Friday, October 9, 2009


I too, like Salinger, have a tendency to be a bit cynical at times. My mother says it comes from my father's Scottish side.  One argument in that family and they don't speak years!  Maybe I was too hard on "The Catcher In The Rye" by not mentioning other facets of the book that were subtly weaved within the context.  Cara, whose site OOH....BOOKS is definitely an inspiration to all book bloggers, reminded me of this in her comments:
"One interpretation of this book that may be missed is that it is about grief. Did you mention that in your previous post? I can't remember. Anyway, part of why Holden is the way he is is that he recently lost his brother. His parents just shipped him off to boarding school where he's expected to go on like nothing's happened. I never liked A Catcher in the Rye, but this interpretation makes me appreciate it more."

It is true that Holden Caulfield was a boy that was ignored. He brings up his mother's careful selection of ice skates for him, but mentions nothing more except that she has a very nervous nature.  His father's career is mentioned but their relationship is never touched on, which suggests that it wasn't positive or negative, it was nonexistent. Holden focuses on memories of his brother Allie who died from cancer when he was very young.  It is obvious that he misses him terribly but life seems to have gone on for everyone else in the world as if Allie didn't even exist.  Holden is alive but holds the same distinction as his brother Allie, invisible.  He mentions several times that he just wants to "disappear"; he wants to go away and maybe he'll show back up twenty years later just to say "hi"; he will punish his family by really disappearing and then how will they feel? 

He focuses on his relationships with his other siblings as proof that he does exist and he derives a sense of pride from his older brother's and sister's accomplishments.  He doesn't feel he has any  noteworthy talents or accomplishments himself. 
Caulfield is a boy on his own.  How else could he leave school and be running around New York City, staying in hotels, hiring prostitutes, spending copious amounts of money and his parents have no idea of his whereabouts. He states that his parents will get over his dismissal from school in a few days. 

I thought the saddest part was when Holden, toward the end of the book, sneaks back into his house to visit his sister while his parents are gone.  They are obviously very close (she is younger); she is very upset that he has failed out of school again.  He needs someone to care.  After a short visit, he has to find somewhere to go and he doesn't want to be alone.  (One of the major themes of "The Catcher In The Rye" is his never ending quest to find someone to be with, anyone.  It really is quite sad, as he calls people who are mere acquaintances just to have someone, anyone to talk to.)  He calls a former teacher who he feels genuinely cares for him.  Holden describes his former teacher as a man who is quite well off because he married a much older wealthy woman (I knew where Salinger was going with this).  Holden has stayed at his house many times in the past.  His teacher, Mr. Antolini, tells Holden to come right over.  They a have a chit chat about  Holden's wasted potential, as Antolini slurps down a steady stream of burbon.  Holden receives blankets and a sofa to sleep on but is awoken by Mr. Antolini stroking his head.  Of course, Holden is scared to death and asks him what in the hell he thinks he's doing.  Antolini replies, "just admiring".  Of course, this is heart breaking because this is one of the only adults Holden felt cared for him genuinely.  He comments that he knows a perv when he sees one because this has happened to him many times before.  Again, evidence that he has been on his own for along time.  No wonder he is so disenchanted with life.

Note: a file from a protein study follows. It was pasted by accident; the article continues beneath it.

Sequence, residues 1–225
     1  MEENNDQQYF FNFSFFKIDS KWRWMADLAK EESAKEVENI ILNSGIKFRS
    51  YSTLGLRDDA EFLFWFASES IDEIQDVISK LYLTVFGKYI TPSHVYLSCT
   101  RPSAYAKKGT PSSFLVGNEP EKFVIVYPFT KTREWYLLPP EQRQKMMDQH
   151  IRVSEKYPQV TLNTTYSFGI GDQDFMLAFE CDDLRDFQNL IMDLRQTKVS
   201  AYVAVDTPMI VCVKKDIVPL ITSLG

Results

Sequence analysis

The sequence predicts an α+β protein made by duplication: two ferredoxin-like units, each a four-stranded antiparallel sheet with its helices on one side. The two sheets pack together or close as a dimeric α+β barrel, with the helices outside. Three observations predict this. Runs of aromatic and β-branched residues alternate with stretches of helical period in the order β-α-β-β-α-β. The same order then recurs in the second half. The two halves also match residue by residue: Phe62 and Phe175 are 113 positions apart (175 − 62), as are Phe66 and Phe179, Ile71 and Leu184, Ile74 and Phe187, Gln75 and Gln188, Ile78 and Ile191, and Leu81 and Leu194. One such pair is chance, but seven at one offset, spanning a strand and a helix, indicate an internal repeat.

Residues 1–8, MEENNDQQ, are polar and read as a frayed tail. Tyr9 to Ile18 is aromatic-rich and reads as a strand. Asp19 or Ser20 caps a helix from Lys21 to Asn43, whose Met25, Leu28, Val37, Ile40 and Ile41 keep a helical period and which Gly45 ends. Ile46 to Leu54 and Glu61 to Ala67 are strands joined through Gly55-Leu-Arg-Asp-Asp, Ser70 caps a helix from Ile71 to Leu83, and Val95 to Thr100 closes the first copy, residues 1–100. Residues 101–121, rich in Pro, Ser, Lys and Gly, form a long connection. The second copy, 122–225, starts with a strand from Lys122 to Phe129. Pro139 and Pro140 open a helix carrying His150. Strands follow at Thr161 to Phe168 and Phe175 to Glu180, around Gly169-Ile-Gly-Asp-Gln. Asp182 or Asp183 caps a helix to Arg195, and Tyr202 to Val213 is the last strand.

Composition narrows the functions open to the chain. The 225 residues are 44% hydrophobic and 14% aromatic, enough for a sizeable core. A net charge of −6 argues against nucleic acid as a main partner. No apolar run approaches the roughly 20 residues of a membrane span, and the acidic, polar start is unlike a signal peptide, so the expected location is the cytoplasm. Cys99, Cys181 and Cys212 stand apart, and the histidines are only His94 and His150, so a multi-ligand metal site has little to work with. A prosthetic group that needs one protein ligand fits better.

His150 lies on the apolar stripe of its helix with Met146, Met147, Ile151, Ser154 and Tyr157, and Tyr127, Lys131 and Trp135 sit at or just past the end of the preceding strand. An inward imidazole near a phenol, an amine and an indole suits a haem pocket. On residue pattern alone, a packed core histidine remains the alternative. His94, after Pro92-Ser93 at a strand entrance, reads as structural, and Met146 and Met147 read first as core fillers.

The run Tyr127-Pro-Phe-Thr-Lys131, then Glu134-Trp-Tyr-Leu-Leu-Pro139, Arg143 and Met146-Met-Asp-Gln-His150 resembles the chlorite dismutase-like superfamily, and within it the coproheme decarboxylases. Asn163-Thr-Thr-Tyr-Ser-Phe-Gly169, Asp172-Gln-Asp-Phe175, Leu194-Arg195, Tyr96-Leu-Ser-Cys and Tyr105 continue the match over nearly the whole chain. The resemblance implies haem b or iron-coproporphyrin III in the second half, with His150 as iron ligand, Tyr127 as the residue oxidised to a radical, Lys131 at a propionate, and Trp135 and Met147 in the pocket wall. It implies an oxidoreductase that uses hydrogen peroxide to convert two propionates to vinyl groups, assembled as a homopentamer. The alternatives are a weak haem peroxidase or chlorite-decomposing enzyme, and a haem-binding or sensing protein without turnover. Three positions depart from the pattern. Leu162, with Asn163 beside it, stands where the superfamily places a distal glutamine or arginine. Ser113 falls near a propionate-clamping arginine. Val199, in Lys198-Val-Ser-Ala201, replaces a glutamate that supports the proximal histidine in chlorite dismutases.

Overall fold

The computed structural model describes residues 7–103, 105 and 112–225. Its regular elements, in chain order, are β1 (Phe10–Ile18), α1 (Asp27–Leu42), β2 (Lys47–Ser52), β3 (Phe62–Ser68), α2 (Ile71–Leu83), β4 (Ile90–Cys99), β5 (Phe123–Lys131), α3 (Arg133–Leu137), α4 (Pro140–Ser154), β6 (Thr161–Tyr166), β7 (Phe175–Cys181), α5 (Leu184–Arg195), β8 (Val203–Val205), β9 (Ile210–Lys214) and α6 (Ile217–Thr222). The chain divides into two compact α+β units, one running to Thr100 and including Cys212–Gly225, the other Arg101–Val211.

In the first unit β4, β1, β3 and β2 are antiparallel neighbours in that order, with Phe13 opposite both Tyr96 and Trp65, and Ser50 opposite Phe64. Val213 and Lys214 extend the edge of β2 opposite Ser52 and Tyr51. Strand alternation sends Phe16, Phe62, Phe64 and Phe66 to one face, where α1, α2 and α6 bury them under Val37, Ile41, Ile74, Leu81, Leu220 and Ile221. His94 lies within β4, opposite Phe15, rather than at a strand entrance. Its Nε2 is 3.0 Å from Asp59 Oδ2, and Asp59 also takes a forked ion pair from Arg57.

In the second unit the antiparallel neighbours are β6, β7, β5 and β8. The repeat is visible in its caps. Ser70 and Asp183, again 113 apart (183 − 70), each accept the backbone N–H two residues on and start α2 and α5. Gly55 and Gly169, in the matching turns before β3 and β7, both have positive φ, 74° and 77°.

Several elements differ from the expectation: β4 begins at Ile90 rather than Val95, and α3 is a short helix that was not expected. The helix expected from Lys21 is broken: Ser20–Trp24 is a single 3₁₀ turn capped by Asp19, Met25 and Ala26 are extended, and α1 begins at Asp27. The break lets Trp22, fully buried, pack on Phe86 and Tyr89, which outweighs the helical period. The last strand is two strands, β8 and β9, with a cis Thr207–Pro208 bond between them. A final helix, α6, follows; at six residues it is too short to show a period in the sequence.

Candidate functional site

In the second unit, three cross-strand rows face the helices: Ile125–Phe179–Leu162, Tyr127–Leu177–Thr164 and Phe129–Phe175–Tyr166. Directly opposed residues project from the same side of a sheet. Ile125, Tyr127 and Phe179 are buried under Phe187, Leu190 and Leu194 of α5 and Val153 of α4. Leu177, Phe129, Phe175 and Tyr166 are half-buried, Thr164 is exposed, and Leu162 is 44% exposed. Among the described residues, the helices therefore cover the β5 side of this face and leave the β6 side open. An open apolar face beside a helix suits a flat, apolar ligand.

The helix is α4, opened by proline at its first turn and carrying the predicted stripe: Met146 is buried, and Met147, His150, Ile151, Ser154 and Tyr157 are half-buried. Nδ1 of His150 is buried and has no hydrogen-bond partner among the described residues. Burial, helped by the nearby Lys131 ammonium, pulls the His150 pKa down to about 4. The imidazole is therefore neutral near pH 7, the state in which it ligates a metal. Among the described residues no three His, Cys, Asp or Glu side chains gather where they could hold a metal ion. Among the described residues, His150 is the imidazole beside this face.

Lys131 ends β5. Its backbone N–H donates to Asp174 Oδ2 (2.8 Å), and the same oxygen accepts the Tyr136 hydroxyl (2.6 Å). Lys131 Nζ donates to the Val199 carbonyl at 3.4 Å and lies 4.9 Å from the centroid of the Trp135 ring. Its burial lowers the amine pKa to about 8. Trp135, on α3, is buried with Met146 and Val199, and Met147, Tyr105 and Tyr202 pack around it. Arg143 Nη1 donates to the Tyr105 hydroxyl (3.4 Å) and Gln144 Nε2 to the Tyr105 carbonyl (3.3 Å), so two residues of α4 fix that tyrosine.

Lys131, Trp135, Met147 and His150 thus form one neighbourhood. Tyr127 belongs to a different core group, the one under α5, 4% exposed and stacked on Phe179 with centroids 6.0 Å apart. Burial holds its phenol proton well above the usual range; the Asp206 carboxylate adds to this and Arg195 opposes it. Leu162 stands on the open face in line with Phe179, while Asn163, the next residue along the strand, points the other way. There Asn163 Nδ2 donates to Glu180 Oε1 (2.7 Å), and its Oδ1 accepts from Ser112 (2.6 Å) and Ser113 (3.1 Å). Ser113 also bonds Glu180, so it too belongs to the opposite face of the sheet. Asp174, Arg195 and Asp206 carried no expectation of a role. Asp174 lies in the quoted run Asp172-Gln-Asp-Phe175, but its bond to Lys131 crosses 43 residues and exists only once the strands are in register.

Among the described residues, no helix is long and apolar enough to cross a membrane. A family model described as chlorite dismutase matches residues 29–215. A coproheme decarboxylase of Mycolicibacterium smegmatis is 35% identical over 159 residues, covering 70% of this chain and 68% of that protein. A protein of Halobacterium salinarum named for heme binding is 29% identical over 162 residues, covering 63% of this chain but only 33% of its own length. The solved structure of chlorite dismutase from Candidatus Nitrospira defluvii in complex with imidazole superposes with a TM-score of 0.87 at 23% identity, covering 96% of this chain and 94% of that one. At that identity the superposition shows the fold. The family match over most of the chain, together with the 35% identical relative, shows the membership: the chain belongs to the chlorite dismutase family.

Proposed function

The people who care about him in life are so few.  This is probably why he feels people are so "phony" and they just pretend to care about people when in actuality they only care about themselves.  

A dilemma I'm facing is whether I should read about the author before picking up the book? Admittedly, I do not care for J.D. Salinger, but that doesn't mean this book is without merit.  Salinger controlled his wife, and kept her completely isolated, until the point she almost killed her infant daughter and herself just to escape his domineering often cruel treatment.  His wife Clair commented: 

"She remembered that Salinger would chronically leave Cornish to work on a story "for several weeks only to return with the piece he was supposed to be finishing all undone or destroyed and some new 'ism' we had to follow." Claire believed "it was to cover the fact that Jerry had just destroyed or junked or couldn't face the quality of, or couldn't face publishing, what he had created."

Salinger would change his beliefs from one ideology to another so quickly that his family couldn't keep up with his excessive demands to adapt.  He wouldn't let his wife seek medical treatment for their children because he was on a "Scientology" kick.  This is when his wife finally decided their marriage was over. 
Salinger, in his fifties, wrote to a young old girl who wrote an article for "Seventeen" magazine and told her she could interview him.  Needless to say she abandoned school and all her potential to live with Salinger.  I guess I find this kind of behavior very predatory and selfish and this does seep into my opinion when reading the novel.  
Something to ponder on whether I should forgo reading about the author.  What do you think?  

1 comment:

Cara Powers said...

I think "ick." Salinger was an icky, icky man. Thanks for the info.